Rafael Parrilha
Country Chief Executive
Bureau Veritas
/
Insight

Global Experts Keep Working Through Uncertainty

Wed, 01/18/2017 - 13:20

Since the Energy Reform transformed the country’s hydrocarbon sector in 2013, regulators, lawyers and consultants have been collaborating to formulate a new oil and gas regulatory and legal framework for the country. Backed by 35 years of experience helping PEMEX standardize its own regulation, global regulatory evaluation company Bureau Veritas is not afraid to get more deeply involved in the task but has had trouble making its voice heard with safety regulator ASEA. “The way of working today is much more through written comments and no direct contact,” says Rafael Parrilha, Country Chief Executive of Bureau Veritas. “I believe more could be done with conversations.”

Putting it down to ASEA’s concern with transparency, Parrilhas says Mexico’s safety and environment regulator has devised a new model of requesting written comments and feedback but in his eyes more could be achieved through direct, hands-on discussions. ASEA has pumped out new regulations at an unprecedented rate since its inception two years ago, including the pivotal deepwater regulations released in the run-up to Round 1.4.

“ASEA is new so companies are still trying to negotiate the new ways of doing things,” says Parrilha. “Now we have gathered a lot of knowledge on how we can work with these agencies.” Indeed, according to the Country Manager, a main area of doubt is whether agencies like ASEA and CNH will be willing to receive guidance from international companies when working on farm-outs, given their centrality to the eventual success of the Energy Reform. “We also need to wait to see how flexible PEMEX will be in accepting international standards,” he says

With 1,400 offices and laboratories spread across 140 countries, 66,000 employees and over 35 years’ experience directly helping PEMEX with its regulations, Bureau Veritas has the credentials to be of great help to Mexico’s regulators in their endeavor to create robust, industry-friendly regulations, Parrilha believes. By helping develop the best structure of standards and regulations depending on each client, Bureau Veritas looks to preserve the environment and encourage safety while being flexible toward promoting business, he adds.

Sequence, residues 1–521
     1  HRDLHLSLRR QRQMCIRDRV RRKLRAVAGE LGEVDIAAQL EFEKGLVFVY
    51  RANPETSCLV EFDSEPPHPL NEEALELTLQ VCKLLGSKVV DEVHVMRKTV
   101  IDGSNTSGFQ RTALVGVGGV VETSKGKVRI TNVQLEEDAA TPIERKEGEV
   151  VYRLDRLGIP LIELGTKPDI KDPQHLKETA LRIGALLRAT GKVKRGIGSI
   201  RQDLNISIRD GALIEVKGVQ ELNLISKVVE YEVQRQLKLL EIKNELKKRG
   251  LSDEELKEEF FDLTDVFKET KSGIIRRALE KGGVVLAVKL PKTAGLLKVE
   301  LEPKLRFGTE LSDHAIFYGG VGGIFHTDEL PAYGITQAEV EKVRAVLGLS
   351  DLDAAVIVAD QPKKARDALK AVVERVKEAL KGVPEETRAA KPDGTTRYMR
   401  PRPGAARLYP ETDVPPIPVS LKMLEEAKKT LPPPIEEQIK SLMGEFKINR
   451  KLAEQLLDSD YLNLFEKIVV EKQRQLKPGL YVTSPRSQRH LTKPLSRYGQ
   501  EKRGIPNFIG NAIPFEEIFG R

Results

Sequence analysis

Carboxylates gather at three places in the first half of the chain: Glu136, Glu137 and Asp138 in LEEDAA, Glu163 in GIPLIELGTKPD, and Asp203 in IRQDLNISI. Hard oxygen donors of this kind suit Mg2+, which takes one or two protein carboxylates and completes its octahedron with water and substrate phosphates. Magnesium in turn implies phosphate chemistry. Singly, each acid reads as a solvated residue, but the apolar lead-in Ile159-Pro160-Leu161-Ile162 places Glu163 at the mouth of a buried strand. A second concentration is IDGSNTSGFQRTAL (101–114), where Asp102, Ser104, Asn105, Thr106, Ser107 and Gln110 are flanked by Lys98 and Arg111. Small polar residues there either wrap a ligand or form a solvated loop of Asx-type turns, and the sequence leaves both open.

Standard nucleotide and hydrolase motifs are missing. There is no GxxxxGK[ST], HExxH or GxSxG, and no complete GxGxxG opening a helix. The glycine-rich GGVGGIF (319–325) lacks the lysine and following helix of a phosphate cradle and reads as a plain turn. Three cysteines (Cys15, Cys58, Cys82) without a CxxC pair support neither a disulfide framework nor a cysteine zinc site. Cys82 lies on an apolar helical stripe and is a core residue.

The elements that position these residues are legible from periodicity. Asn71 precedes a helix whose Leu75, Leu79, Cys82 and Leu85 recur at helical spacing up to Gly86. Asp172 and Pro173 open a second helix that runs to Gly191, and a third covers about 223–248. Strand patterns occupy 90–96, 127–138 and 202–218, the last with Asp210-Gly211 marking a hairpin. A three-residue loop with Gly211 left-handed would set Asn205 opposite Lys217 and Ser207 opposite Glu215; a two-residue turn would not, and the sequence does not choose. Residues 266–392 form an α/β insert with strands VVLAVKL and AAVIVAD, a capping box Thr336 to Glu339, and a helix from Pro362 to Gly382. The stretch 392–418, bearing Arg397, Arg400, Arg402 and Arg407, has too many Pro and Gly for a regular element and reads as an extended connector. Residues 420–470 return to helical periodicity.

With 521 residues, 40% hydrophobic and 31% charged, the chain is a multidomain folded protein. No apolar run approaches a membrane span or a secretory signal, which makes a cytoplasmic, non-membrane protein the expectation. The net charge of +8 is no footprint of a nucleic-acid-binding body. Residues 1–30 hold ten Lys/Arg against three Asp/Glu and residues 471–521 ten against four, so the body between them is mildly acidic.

And it certainly would not be the first time his company has done this in Mexico. As well as helping standardize PEMEX’s regulations and auditing some of its assets to evaluate compliance, Veritas won a contract with the NOC in 2011 to establish a normative structure for deepwater ventures. “PEMEX is still evaluating how this will progress but we submitted a proposal based on our international experience,” Parrilha says. “We proposed the standards we believe to be the safest while remaining practical.”

PEMEX is prepared for the challenge of adopting international standards in its farm-outs because it has had time to study models in other countries, both successful and unsuccessful, he says. This shows in the way that the Mexican company wants to learn from investors and even use them as technical advisers.

All in all, Parrilha believes that Mexico remains a stable country for investment in oil and gas. “The main concerns companies have are in terms of regulations and politics,” he says. “With the change of party in the last election, there was little impact on the macro economy, suggesting a great deal of stability.” In 2017, he says, the landscape will remain difficult but the industry will begin to see an improvement due to the difficult decisions already made by PEMEX. “I want to see the results of the farm-outs, partnerships and JVs,” he says. “I hope that in the short term this will compensate for the crisis PEMEX experienced.”